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Jaycina Almond Gets Tender

From mommy and me yoga classes to vegan bake sales, keeping mother stress free and healthy is the ultimate goal. Keep scrolling to learn about Tender’s message, and all the ways we can support mama’s near and far. Feel free to give a share a little of your heart (or your wallet, wink wink) to support their cause.

What is Tender? What pushed you into creating it?


Tender is a non-profit empowering mamas by making essentials accessible. Tender provides emergency bill-pay assistance, food, and necessities like diapers and wipes. We are committed to being a safe haven for the mamas in our city. 


How has your role as a mother shaped your perspective on life?


I think becoming a mom has made me more grounded––I understand what matters and what doesn’t. Motherhood has also been super freeing. I don’t worry about what other people think about me anymore, and I trust my instincts. 


You’ve been very open about the struggles that came with being raised by a single mother. How would a foundation like Tender have helped you, if it existed back then?


My mom was a young mom, and she had 2 or 3 jobs for a while during my childhood. And she eventually put herself through nursing school. She just graduated, recently actually, with her RN degree––I think something like Tender would have alleviated so much stress she has dealt with. It would have allowed her to be around more and spend more time with us and she would have been able to complete her schooling sooner––the list goes on and on.  


What have been some of the best responses to this foundation?


Hearing from our mamas, in their words, and what it means to them is always the best feedback. 


How can non-Georgia residents help out and support this foundation?


Somebody sharing and advocating within their network is always the easiest way to support! It’s free and community is important to us. Folks can host a fundraiser on Facebook––another free and easy way to support! We also will be setting up a Patreon, so supporters can pledge an affordable amount, like $1, monthly!  


What do you feel most judged on as a mother? What are the most difficult aspects of being a mother and an advocate in a time where social is so prevalent?


I think people tend to judge mothers super harshly when it comes to sexuality and modesty, and it never makes sense to me because we know where babies come from! That’s something I’ve definitely struggled with and felt judged on. Dealing with social media as a mom and an advocate can sometimes be suffocating. Everything is expected to be perfect and be aesthetically pleasing; it leaves no room for duality. 


What do you want your legacy to be?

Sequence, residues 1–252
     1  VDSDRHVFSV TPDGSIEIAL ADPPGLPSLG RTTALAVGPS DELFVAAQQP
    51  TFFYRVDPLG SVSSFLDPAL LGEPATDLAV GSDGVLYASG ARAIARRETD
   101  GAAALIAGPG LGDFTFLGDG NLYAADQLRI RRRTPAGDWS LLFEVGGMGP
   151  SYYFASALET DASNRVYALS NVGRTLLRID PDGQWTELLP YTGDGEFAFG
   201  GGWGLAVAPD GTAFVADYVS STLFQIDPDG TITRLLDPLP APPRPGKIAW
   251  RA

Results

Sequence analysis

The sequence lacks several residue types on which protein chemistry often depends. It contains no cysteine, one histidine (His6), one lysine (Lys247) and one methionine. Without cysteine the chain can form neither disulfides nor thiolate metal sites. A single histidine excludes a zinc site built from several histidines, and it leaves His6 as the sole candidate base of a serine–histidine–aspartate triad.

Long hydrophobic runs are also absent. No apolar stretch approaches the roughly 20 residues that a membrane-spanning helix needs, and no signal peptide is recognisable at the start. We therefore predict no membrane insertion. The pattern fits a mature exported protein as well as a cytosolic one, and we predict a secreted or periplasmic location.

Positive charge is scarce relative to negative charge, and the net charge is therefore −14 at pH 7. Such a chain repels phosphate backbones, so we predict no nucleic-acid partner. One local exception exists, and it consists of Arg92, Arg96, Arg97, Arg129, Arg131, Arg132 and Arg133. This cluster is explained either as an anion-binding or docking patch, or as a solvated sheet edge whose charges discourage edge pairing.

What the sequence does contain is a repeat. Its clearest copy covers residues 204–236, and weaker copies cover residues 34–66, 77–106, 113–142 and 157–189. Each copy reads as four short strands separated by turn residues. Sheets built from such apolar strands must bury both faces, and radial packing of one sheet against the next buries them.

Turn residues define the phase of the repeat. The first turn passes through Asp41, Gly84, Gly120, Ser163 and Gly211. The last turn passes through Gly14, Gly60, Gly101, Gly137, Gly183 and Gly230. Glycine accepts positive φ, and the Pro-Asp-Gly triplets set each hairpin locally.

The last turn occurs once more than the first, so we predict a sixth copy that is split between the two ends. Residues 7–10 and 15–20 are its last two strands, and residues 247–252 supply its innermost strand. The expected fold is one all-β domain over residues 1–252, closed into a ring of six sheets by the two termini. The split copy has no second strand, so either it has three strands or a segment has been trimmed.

I just want to be great––in everything I do. 


You’ve spoken on how you were fortunate enough to breastfeed your daughter for 21 months. Can you explain the importance and privilege that goes hand in hand with breastfeeding?


It’s widely accepted in the maternal community that breastfeeding is the most optimal option, so aside from all the health reasons that makes it important, breastfeeding for black women is a form of resistance. For so long, black women weren’t allowed to nurse their own children; they nursed somebody else’s child. So I think breastfeeding for black women is so important just based on that alone. But what people don’t realize is just how all encompassing breastfeeding is. Many working mothers in low-wage jobs go back to work sooner than their counterparts and are in jobs that make pumping and storing difficult, and some mamas may not even be aware of the benefits of breastfeeding. Low-income mamas, especially, do not have access to any lactation consultants or outside support for their breastfeeding journey. There are a lot of barriers to breastfeeding from socioeconomic status, education status, societal norms, etc. which is why I would never mention how long we nursed without mentioning the privilege that allowed it to happen. Ultimately, fed is best though––formula or breastfeeding. 


You’re a full-time model. You’re a full-time poet. And you’re a full-time mother. How do you deal with the complexities of being a multidimensional person?


I don’t really think of it as “dealing” sometimes I get stressed out and I’m like “just pick one thing and stick with it”, but it’s important that I honor all parts of me. Realizing I can do and be whatever I want to be. 


What is the most important thing your daughter has taught you thus far?


Don’t pass judgement. It will be your kid screaming the next day. Or Syx’s favorite––running around the playground barefoot as I cringe at all the possible germs. And don’t sweat the small stuff! Life goes on and quickly. 


Learn more about the Tender Foundation here.

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